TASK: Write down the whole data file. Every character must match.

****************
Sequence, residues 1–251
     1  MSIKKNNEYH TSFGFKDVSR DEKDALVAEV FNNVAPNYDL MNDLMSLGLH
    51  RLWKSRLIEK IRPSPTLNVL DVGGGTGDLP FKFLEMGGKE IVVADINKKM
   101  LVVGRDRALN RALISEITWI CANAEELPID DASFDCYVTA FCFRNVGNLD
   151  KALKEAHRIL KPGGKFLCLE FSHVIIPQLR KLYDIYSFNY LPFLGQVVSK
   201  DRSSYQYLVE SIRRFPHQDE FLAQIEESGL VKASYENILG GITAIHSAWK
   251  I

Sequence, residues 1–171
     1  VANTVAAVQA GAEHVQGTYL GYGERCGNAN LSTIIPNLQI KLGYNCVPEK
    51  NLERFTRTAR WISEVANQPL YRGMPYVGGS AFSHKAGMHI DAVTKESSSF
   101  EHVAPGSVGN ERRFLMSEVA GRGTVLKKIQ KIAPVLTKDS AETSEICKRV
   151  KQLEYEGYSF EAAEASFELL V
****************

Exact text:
Sequence, residues 1–251
     1  MSIKKNNEYH TSFGFKDVSR DEKDALVAEV FNNVAPNYDL MNDLMSLGLH
    51  RLWKSRLIEK IRPSPTLNVL DVGGGTGDLP FKFLEMGGKE IVVADINKKM
   101  LVVGRDRALN RALISEITWI CANAEELPID DASFDCYVTA FCFRNVGNLD
   151  KALKEAHRIL KPGGKFLCLE FSHVIIPQLR KLYDIYSFNY LPFLGQVVSK
   201  DRSSYQYLVE SIRRFPHQDE FLAQIEESGL VKASYENILG GITAIHSAWK
   251  I

Sequence, residues 1–171
     1  VANTVAAVQA GAEHVQGTYL GYGERCGNAN LSTIIPNLQI KLGYNCVPEK
    51  NLERFTRTAR WISEVANQPL YRGMPYVGGS AFSHKAGMHI DAVTKESSSF
   101  EHVAPGSVGN ERRFLMSEVA GRGTVLKKIQ KIAPVLTKDS AETSEICKRV
   151  KQLEYEGYSF EAAEASFELL V